• home nursing patients;
  • grounded theory;
  • patient's dependency;
  • patient's experience;
  • adjustment

Dependency as disadvantage – patients' experiences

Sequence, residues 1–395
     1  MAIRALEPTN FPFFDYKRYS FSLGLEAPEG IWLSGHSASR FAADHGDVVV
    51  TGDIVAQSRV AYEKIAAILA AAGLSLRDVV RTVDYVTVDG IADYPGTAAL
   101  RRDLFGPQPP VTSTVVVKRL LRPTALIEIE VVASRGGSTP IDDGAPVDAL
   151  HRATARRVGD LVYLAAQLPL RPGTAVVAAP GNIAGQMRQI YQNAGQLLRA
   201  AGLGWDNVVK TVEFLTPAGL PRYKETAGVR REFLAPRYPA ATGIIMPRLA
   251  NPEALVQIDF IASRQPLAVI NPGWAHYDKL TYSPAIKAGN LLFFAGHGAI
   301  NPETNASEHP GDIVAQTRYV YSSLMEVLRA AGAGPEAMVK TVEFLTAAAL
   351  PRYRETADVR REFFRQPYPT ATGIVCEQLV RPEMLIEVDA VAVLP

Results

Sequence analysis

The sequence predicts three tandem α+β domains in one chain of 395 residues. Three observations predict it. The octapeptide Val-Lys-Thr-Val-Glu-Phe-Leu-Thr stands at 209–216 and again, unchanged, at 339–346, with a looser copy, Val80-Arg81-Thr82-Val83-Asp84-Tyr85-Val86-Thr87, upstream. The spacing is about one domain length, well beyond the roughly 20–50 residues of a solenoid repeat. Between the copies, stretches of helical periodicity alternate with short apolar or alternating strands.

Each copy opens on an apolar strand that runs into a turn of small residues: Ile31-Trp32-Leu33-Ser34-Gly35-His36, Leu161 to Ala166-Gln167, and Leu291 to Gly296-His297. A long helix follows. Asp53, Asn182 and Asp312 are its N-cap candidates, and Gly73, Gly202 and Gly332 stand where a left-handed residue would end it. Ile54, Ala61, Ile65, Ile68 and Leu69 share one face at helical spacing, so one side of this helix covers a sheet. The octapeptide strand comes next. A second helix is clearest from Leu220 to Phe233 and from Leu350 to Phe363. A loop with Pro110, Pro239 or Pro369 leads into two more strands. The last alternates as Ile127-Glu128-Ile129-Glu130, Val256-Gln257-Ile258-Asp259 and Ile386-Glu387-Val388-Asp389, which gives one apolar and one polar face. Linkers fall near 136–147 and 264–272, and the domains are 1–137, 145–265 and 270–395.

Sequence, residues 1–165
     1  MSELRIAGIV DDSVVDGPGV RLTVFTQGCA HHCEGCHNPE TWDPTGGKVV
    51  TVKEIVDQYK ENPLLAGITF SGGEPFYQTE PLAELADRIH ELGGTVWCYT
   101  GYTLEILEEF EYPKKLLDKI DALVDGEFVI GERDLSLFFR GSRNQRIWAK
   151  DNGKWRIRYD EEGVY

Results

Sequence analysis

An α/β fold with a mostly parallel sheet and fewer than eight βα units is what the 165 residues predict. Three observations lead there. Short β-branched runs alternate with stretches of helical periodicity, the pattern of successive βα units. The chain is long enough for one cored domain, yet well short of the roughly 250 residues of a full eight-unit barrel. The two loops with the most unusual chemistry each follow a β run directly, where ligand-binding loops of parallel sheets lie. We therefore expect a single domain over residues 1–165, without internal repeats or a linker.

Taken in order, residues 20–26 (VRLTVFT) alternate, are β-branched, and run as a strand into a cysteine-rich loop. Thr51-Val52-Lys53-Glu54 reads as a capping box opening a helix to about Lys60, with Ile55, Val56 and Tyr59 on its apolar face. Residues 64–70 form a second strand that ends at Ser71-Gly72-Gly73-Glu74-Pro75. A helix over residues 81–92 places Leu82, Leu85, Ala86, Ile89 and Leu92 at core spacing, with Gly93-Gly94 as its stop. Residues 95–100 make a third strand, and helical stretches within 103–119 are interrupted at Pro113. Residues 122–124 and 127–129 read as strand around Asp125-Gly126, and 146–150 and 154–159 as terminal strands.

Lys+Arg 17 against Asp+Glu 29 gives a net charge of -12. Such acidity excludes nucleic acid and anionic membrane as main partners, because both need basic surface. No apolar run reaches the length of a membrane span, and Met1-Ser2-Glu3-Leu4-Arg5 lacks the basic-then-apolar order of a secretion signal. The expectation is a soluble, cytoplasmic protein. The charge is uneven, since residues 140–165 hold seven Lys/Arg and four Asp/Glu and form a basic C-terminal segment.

This is an empirical qualitative study of the dependent community patient. The investigation raises the question of what it is like to be a highly dependent patient and how they relate to the situation. A non-probability, volunteer sample was selected from home nursing patients in a large town in Norway. The data were collected through in-depth interviews with 15 patients in their home using a semistructured interview guide. A constant comparative approach was used for analysing data. The results show that dependency has disadvantages like constraints and burdens in daily life. The patient adjusts both in a reactive and proactive way. The constraints are apparent through reduced autonomy in daily life and limited possibilities for negotiation. The burden is demonstrated through uncertainty within the encounter situation, low esteem, and loss of privacy. Adjustment is made through planning, guidance of the carer, acceptance of the situation, positive self-image and by protection of family and carer, and placing blame on the bureaucracy. The patient reacts in a more passive, reactive way regarding circumstances connected to the health care system and in a more proactive way by trying to influence the situation in the interaction in the private sphere of the patient's home.